In negotiating with China, the Deputy Defense Secretary emphasises diplomacy.

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Deputy Defense Secretary Kathleen Hicks said on Friday, emphasising the value of diplomacy, that war with China was neither desirable nor unavoidable.

In remarks to a virtual meeting of the Aspen Defense Forum, Hicks noted that China can challenge the United States in several categories.

She noted that Chinese military capability is advancing in fields including long-range missiles and air defense systems, as well as in cybersecurity and in space.

“Beijing has the economic, military and technological capability to challenge the international system and America’s interests within it,” she said, noting China’s claims of sovereignty in the South China Sea.

“Let there be no doubt, China presents a real and enduring challenge,” she added, saying that the support of the U.S. Congress is necessary to ensure that the Defense Department can deter Chinese aggression.

Hicks, on the other hand, believes that open diplomatic channels with China are critical, and that the US military is ready to “serve as a supporting player to diplomatic, economic and other goals.”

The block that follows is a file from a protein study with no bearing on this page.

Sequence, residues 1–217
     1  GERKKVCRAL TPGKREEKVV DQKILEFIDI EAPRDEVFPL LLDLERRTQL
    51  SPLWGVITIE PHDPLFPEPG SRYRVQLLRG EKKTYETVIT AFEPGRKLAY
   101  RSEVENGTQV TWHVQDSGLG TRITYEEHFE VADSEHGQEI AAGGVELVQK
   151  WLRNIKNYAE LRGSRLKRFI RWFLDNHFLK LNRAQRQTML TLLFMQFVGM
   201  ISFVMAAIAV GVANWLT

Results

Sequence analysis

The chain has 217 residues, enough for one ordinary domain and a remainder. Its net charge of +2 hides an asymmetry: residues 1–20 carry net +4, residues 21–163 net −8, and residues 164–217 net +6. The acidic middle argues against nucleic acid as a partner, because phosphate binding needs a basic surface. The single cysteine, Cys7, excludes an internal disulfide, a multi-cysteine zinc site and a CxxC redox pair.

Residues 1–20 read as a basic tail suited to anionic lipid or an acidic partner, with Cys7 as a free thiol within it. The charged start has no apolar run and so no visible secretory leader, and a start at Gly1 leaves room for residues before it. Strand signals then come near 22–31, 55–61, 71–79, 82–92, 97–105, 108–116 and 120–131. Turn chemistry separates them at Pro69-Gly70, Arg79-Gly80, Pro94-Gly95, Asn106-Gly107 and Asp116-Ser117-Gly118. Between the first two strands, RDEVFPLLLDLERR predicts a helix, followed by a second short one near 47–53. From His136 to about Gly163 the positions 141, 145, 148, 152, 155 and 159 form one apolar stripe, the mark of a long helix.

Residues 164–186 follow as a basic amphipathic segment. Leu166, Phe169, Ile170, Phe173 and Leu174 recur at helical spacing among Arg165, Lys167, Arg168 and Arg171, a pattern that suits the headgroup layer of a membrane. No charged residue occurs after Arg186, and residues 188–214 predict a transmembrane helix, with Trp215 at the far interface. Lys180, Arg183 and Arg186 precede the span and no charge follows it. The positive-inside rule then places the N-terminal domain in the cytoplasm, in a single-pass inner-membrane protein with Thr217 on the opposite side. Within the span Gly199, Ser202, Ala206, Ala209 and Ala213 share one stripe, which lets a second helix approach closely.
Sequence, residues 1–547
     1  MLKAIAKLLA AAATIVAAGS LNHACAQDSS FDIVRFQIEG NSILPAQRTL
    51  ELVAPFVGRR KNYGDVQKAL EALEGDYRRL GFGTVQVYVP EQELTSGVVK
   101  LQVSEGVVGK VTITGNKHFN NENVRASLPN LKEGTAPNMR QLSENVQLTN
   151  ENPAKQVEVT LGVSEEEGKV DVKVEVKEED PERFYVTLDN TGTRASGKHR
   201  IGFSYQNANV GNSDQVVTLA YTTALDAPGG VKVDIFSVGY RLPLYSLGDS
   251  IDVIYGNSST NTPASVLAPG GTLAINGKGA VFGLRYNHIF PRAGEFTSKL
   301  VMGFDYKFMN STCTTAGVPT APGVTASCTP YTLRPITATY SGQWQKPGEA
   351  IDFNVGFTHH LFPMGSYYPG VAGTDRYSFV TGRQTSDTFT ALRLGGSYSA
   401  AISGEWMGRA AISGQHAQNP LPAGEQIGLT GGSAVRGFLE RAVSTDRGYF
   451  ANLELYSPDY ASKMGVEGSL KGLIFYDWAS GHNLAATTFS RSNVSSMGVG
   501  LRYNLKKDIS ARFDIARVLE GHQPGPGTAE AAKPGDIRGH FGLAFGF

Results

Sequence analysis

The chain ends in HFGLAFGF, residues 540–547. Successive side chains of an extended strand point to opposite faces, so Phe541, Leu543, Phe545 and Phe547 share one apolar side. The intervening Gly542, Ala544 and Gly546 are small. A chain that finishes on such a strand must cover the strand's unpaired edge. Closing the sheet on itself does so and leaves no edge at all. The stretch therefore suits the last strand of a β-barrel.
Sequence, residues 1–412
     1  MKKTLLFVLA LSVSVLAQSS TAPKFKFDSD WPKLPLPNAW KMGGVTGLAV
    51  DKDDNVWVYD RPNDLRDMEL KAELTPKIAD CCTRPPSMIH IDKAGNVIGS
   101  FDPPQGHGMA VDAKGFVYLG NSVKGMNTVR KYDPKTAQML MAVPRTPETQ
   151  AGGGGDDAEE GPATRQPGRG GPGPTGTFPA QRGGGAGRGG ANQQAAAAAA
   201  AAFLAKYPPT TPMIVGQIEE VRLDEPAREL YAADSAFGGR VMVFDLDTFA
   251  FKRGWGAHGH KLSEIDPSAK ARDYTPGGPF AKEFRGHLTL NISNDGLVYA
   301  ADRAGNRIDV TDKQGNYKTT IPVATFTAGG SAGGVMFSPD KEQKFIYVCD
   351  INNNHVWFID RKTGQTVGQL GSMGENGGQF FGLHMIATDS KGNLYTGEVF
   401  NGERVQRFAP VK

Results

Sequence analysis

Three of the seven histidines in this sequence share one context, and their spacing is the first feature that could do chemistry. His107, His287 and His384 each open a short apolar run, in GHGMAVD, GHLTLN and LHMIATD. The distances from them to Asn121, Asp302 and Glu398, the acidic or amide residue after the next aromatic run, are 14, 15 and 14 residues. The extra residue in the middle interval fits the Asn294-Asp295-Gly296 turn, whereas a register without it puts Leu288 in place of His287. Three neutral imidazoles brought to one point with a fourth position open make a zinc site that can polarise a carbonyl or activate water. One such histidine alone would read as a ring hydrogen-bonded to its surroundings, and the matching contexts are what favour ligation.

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For months, tensions have been building between China and the United States and its allies.

This has been evident in Chinese military air force exercises near Taiwan, which China views as a breakaway province, as well as frequent transits of US warships across the Taiwan Strait, which divides the island of Taiwan from the Chinese mainland.

On Friday, Chinese Foreign Ministry spokesman Wang Wenbin said that China is willing to put a halt to any push towards Taiwanese independence, a day after US Director of National Intelligence Avril Haines told the Senate Armed Services Committee that Taiwan’s views on independence are “hardening” despite the tensions.

Last week, the commander of US Strategic Command, Navy Adm. Charles A. Richard, told the Senate Armed Services Committee that China is on track to double its nuclear weapons arsenal by the end of the decade.

Richard continued that China would hide the position of its intercontinental ballistic missiles by mounting them on vehicles.

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Chinese overflights to the edge of Taiwanese air sovereignty have been frequent in the South China Sea, as have visits by US and allied warships.

The USS Theodore Roosevelt Carrier Strike Group, which includes the aircraft carrier USS Theodore Roosevelt and several escort destroyers and frigates, reached the sea earlier this month to perform regular operations.



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